Taxifolin’s analog, without the group 3-OH and with the methylated 7-OH group, the flavanone sterubin from Yerba santa (Eriodictyon californicum, Boraginaceae), was studied in association with neuroprotective compounds that can be used against Alzheimer’s disease [94]. It was also found to have dose-dependent protection against ferroptosis inducers erastin and RSL3 in hippocampal cells HT22. It has a chelating ability that has been determined in a ferrozine-based assay.
The demethylated derivative of sterubin, eriodictyol (Figure 5), found in the peel of citrus fruits and some Chinese herbal medicines, also showed an anti-Alzheimer’s-disease effect through antiferroptotic activity in vitro in HT22 cells and in vivo in the APP/PS1 mouse model of Alzheimer’s disease [95]. Treatment with eriodictyol (50 mg/kg) inhibited ferroptosis in the brains of APP/PS1 mice by reduction of the levels of Fe2+ ions and total iron, as well as the reduction of the expression levels of TfR1 and FTH1, and increase of the GPX4 and vitamin D receptor (VDR) levels in the cortex and hippocampus of APP/PS1 mice. The iron export protein FPN1 was also upregulated upon eriodictyol treatment. This suggests that eriodictyol might maintain iron balance in cells by reducing iron intake and increasing iron output. The mechanism of antiferroptotic action investigated in HT22 cells was shown to be related to the activation of the NRF2/heme oxygenase-1 (HO-1) signaling pathway mediated by VDR.
By screening a natural product library, a flavon baicalein with the galloyl ring A, was found to be a ferroptosis inhibitor. It markedly inhibited erastin-induced ferroptosis in pancreatic cancer cells compared to known ferroptosis inhibitors. It limited erastin-induced Fe2+ iron accumulation, GSH depletion, and lipid peroxidation by suppressing erastin-mediated degradation of GPX4 [96]. Another mechanism that may contribute to the antiferroptotic effect of baicalein is the significant and selective inhibition of 12/15-lipoxygenase (12/15-LOX), which was demonstrated in an experiment with RSL3-stimulated lipid peroxidation in acute lymphoblastic leukemia (ALL) model cell lines Molt-4 and Jurkat [97]. In a study focused on Alzheimer’s disease, baicalein decreased ferroptosis markers lipid ROS, 4-hydroxynonenal, and COX2 (cyclooxygenase-2) and inhibited the expression of 12/15-LOX in a HT22 cell model of iron-induced injury, which was also validated in a mouse model of posttraumatic epilepsy [98]. The antiferroptotic effect of baicalein was also confirmed in melanocytes in vitiligo. Baicalein upregulated GPX4 and reduced TfR1 levels in melanocytes treated with RSL3 and ferric ammonium citrate [99]. 7-O-glycoside baicalin (Figure 5), found in the roots of the traditional Chinese medicinal plant Scutellaria baicalensis (Lamiaceae), suppressed autophagy-dependent ferroptosis in a study which focused on early brain injury following subarachnoid hemorrhage. The study was based on in vitro and in vivo models, and the evaluated parameters were Fe2+, MDA, ROS, and GSH levels [100]. However, in contrast, baicalin exerted anticancer activity by triggering FTH1-dependent ferroptosis in bladder cancer cells in vitro (in cell lines 5637 (50–60 μg/mL, i.e., 112–134 µM) and KU-19-19 (100–120 μg/mL, i.e., 224–269 µM)) and in vivo (in mice, 200 mg/kg), accompanied by intracellular ROS and iron accumulation [101]. The ferroptosis inhibitor deferoxamine rescued baicalin-induced cell death in both 5637 and KU-19-19 cell lines.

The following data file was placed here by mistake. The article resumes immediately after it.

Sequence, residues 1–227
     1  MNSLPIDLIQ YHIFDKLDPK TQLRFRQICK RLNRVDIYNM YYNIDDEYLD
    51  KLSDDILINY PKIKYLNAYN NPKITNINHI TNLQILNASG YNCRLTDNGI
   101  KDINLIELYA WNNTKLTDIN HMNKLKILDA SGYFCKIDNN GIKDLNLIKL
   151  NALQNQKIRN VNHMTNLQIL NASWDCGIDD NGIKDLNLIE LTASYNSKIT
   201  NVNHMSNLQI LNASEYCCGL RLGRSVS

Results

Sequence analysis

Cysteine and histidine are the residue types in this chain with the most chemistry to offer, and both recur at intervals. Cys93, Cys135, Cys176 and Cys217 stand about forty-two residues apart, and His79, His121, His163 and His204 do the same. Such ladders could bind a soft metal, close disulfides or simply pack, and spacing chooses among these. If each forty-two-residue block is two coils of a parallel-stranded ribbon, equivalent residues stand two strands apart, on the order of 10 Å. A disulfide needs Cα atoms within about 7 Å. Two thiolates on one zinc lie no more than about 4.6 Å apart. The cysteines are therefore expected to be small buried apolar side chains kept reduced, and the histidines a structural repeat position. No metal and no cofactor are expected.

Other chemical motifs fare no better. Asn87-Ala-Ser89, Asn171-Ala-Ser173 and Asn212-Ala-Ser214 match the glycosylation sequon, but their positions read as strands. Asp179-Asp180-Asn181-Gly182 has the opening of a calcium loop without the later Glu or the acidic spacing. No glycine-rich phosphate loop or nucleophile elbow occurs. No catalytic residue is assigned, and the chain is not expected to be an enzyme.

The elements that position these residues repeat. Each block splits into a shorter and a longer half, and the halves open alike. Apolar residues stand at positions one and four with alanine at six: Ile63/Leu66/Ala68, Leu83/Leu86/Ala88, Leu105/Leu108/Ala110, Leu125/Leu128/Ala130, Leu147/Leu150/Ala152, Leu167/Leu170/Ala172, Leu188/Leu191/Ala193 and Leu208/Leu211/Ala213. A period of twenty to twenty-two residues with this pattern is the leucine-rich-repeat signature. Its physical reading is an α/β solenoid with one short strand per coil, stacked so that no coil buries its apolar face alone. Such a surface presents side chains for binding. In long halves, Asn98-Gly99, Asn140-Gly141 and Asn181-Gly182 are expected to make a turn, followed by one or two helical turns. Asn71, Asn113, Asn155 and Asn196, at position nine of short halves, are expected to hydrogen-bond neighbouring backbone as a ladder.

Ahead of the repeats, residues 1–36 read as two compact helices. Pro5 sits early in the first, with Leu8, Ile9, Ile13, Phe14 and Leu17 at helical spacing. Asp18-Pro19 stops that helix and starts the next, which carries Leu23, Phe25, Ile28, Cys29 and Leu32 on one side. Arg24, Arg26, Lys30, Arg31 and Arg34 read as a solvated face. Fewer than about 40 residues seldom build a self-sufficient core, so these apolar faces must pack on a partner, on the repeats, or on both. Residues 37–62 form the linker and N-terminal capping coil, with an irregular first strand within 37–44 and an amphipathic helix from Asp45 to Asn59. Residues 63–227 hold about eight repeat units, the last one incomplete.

A change in iron concentration may influence the dominant mechanism of action of polyphenols. While an excess of iron does not influence the beneficial effects of flavanone sterubin, this is not the case with flavonol fisetin. Differently to Cu2+ ions, Fe2+ ions have a significant influence on its anti-inflammatory effect [102]. The antioxidant activity of fisetin, suppression of ROS production, and maintenance of GSH levels are altered differently by metals. Fisetin (5 µM) has been tested in several assays in association with its neuroprotective and anti-inflammatory activities. It has direct antioxidant activity and can also chelate Fe2+ ions. Fisetin induced NRF2 in hippocampal HT22 cells and microglial BV-2 cells, but not in the presence of Fe2+. Iron ions blocked NRF2 induction by fisetin in cells of both types. Fisetin additionally reduced glutamate-induced ROS production, but the presence of Fe2+ also blocked this effect. In HT22 cells, fisetin completely blocked the ROS production induced by RSL3. While ROS production was not significantly increased by Fe2+ ions, it was greatly potentiated by the combination of RSL3 and Fe2+ ions with fisetin. This was attributed to the ability of iron to oxidize fisetin and, thereby, change fisetin’s effect on the induction of antioxidant transcription factor NRF2. The oxidized form of fisetin acts as a strong pro-oxidant. In contrast, although sterubin also binds iron, the metal does not affect the ability of sterubin to induce NRF2.